• i could not find any reasonably priced flights to vegas, so my plans of visiting sin city were thwarted. which is sort of ok because i just wanted a cheap getaway anyways.
  • my little bro got knocked out in game 5 of a 5 game series.
  • i collected the clothes i no longer wear to give to a refugee family who has recently moved to canada. (if you have any you would like to donate, contact me and i will get you the information to do the same).
  • i continued to battle the congestion. which i am convinced is directly linked to dairy consumption. but i cannot imagine a life without mini eggs and cheese.
  • a man offered me his seat on the train and before i could say 'no thank you,' he was up and i was sitting and then i felt a bit awkward for the rest of the journey.

Tuesday, March 10, 2009

today is a new day

  • the forecast high is -20 degrees. that is the high!
  • i had the interview for the job in kenya and it went really well. it is nice to be interviewed by your former boss who knows you, better than i had anticipated, in fact.
  • i set up dates with two gentleman callers.
  • i will be registering for a 3 day course to help me do my job. i love the idea of going to classes to learn new things on someone else's dime.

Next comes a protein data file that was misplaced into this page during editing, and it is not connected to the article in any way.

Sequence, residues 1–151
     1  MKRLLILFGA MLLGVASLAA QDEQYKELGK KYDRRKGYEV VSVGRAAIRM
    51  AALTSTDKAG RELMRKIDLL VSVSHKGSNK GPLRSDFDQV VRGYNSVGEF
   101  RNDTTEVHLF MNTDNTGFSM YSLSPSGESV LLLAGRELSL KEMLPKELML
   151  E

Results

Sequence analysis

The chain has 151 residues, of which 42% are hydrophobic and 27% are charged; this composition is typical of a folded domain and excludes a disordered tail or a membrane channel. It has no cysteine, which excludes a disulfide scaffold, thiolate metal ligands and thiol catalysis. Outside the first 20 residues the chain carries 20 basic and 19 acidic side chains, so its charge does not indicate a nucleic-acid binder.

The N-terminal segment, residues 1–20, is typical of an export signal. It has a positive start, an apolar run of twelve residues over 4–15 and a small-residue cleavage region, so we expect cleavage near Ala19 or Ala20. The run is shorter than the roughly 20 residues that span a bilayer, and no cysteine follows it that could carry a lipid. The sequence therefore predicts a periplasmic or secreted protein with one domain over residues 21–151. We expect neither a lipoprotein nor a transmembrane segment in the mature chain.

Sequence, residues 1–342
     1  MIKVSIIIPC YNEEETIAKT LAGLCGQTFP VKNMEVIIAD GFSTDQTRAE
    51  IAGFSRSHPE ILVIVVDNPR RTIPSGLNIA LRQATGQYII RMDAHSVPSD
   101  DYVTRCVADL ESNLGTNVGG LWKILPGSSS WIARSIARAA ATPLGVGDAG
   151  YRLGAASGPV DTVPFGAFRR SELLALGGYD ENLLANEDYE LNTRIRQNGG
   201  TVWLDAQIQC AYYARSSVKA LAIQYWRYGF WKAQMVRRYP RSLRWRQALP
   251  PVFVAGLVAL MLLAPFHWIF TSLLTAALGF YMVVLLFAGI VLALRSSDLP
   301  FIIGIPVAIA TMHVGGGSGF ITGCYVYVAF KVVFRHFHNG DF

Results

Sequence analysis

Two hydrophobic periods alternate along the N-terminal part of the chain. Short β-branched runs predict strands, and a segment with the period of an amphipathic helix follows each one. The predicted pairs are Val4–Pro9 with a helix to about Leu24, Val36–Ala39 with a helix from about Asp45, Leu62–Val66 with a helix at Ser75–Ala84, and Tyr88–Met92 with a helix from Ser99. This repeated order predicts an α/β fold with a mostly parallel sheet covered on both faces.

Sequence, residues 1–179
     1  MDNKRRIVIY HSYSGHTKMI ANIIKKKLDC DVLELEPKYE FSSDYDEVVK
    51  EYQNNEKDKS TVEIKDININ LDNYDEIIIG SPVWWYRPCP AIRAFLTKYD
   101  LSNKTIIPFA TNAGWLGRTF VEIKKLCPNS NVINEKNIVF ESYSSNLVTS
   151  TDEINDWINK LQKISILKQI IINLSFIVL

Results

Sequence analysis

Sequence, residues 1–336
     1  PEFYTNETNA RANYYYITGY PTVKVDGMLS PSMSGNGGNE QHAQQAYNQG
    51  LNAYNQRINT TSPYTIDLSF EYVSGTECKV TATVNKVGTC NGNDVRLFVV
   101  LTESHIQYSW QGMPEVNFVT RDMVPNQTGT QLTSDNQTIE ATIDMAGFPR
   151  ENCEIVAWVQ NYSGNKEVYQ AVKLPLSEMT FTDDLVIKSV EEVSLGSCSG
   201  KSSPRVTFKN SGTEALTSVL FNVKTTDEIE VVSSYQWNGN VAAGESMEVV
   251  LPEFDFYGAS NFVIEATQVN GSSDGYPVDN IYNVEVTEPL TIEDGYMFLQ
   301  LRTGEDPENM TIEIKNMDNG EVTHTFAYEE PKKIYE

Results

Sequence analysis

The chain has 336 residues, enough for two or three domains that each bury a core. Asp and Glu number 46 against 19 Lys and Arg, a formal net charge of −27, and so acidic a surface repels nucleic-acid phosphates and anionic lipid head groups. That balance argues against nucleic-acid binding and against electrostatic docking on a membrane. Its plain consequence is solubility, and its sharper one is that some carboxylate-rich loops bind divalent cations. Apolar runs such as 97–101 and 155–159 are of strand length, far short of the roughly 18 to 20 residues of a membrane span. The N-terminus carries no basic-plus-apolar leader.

• is a good day because i still have not taken off my winter boots and i like to judge the day on how long i can keep my cozy boots on before changing into work appropriate shoes.
  • i met a nice engineer who did not speak in engineerspeak and who was very helpful.
  • i am soliciting company for a potential vegas weekend minibreak in two weeks' time. any takers?!
  • i wish my sister was home. i am happy for her that she is on her honeymoon, and no doubt having a great time, but i miss talking to her everyday.
  • i could really use a glass of wine. and it is 3pm...
  • i am going to watch my bro play in a playoff game and i am already nervous.

Sunday, March 08, 2009

international women's day

today is international women's day and to celebrate, i went shopping. well, not exactly (but sort of: purple shoes - check, dress - check, 2 button down shirts - check, skinny black belt - check, fishnet tights - check, 2 pairs of work pants - check, scarf - check, green spring coat - check, bronze woven belt - check), i went to a function at the calgary public library last night with one of the greatest women i know.